Boat sales had "a pretty good uptick" in October, according to bellwether data collected by Info-Link Technologies, a Miami-based market research and analytics firm.
The year-over-year change in growth is about 11 percent, Info-Link managing director Jack Ellis told Soundings Trade Only.
The growth could be attributed in part to stronger sales in Florida and Texas, two hard-hit housing markets that have begun to strengthen, Ellis said.
“I think everything is in positive territory, which is positive,” Ellis said. “The sportboat fishing market is doing great. A lot of that is driven by Florida. After taking that hit on home values they’re spending money on fishing boats again.”
It also was attributable to increasing consumer confidence and pent-up demand, Ellis speculated.
“We finally chewed through all the distressed inventory in the marketplace, so people no longer have the option of turning to a less expensive pre-owned boat” that’s relatively new, Ellis said.
All categories saw growth, although the increase in sterndrive and jetboats was attributable to jetboats, data showed.
“That segment is just reaching positive territory, which is largely driven by the fact that the jetboat market has been strong,” Ellis told Trade Only.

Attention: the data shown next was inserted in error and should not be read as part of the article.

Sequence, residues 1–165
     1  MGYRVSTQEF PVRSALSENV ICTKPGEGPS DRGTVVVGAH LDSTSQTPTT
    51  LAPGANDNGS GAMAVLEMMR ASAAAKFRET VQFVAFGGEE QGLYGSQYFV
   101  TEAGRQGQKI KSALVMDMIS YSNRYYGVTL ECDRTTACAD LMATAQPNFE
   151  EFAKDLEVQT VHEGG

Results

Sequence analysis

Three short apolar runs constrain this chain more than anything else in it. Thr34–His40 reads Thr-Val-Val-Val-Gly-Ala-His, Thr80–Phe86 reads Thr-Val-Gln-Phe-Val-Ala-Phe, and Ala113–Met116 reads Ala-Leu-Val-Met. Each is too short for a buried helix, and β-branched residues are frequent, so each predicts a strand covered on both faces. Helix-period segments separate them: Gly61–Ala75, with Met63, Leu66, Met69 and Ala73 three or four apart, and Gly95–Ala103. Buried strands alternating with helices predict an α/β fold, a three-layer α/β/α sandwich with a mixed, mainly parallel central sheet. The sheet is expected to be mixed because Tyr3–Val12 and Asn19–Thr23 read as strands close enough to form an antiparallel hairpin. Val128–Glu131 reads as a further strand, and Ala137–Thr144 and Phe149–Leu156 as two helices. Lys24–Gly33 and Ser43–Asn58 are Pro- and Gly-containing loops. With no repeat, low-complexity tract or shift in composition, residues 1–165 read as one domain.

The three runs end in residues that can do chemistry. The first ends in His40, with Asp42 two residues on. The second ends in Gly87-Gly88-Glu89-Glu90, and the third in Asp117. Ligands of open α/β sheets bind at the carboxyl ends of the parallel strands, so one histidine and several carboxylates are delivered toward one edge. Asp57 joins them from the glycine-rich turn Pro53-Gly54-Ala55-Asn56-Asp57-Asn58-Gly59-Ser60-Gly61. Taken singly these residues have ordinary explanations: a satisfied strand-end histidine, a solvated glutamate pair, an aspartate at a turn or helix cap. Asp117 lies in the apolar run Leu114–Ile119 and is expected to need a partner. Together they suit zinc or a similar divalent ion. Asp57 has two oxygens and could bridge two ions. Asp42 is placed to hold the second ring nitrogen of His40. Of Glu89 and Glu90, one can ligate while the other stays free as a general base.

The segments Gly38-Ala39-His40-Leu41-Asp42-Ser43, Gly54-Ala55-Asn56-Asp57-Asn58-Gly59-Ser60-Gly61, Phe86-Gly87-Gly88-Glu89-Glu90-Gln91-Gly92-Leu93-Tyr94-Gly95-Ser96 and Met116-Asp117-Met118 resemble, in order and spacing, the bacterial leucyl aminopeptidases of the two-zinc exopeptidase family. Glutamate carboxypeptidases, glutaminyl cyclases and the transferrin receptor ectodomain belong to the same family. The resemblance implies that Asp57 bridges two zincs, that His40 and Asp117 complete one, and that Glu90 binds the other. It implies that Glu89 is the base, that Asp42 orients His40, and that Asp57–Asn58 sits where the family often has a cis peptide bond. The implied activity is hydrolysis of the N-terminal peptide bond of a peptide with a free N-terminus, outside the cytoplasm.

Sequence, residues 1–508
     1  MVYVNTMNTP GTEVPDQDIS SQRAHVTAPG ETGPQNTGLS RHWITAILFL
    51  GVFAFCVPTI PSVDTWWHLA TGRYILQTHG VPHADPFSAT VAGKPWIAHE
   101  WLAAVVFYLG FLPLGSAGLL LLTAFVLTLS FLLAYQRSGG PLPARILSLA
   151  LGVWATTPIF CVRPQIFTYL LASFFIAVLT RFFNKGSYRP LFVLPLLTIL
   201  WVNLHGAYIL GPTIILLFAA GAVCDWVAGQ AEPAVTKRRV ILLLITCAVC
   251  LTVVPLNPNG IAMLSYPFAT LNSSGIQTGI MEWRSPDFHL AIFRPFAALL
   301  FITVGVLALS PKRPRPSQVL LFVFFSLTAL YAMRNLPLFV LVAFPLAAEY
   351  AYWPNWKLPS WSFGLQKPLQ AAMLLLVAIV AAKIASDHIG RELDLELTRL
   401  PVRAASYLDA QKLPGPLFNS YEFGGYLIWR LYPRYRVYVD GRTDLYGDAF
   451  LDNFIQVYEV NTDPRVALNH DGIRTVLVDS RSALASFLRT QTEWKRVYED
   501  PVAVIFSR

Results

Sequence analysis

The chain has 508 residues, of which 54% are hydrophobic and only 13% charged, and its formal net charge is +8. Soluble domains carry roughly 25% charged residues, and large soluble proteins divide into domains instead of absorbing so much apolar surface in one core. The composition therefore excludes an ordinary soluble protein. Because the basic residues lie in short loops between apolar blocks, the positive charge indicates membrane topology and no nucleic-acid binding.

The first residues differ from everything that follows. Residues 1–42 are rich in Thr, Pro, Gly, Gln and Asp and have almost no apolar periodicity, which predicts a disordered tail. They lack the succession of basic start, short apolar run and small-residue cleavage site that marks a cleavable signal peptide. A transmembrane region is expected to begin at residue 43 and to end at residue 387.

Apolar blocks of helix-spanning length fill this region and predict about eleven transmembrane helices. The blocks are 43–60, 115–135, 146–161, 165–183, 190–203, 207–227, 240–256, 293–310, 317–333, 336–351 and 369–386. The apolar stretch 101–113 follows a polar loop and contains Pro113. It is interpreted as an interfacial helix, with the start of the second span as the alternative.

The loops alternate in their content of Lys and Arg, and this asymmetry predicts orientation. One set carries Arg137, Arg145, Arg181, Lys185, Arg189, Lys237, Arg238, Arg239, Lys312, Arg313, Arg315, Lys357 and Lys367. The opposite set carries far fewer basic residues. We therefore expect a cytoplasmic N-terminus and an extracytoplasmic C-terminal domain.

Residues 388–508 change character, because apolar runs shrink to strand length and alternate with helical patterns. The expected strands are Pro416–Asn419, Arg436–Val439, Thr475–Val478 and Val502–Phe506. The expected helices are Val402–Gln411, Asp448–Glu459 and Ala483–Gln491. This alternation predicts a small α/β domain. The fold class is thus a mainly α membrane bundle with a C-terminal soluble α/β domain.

Info-Link combines the two because both are sportboats despite having different propulsion.
When broken out on their own, sterndrive sales were down 5.7 percent year-over-year in September, Ellis said, although the downhill trajectory of the segment has slowed significantly. Jetboat sales had grown 32.8 percent in the same time frame, Ellis said.
“We’re on the upswing, but we’re on the upswing in the sterndrive segment from what was miserable,” Ellis said.
The sterndrive runabout market has taken a huge hit in the recent downturn, Ellis said.
“We don’t have enough people buying these entry-level boats,” Ellis said. “Generally it seems people are moving into different types of propulsion. I would imagine there’s something about the sterndrive that’s lost its appeal.”
Ellis also cautioned against being overly optimistic.
“Be mindful of the fact that you always want to look at things in a positive light, but we’re comparing this year to last year, which was — we’re still way down, relative to five years ago,” Ellis said. “But we are on the upswing.”
— Reagan Haynes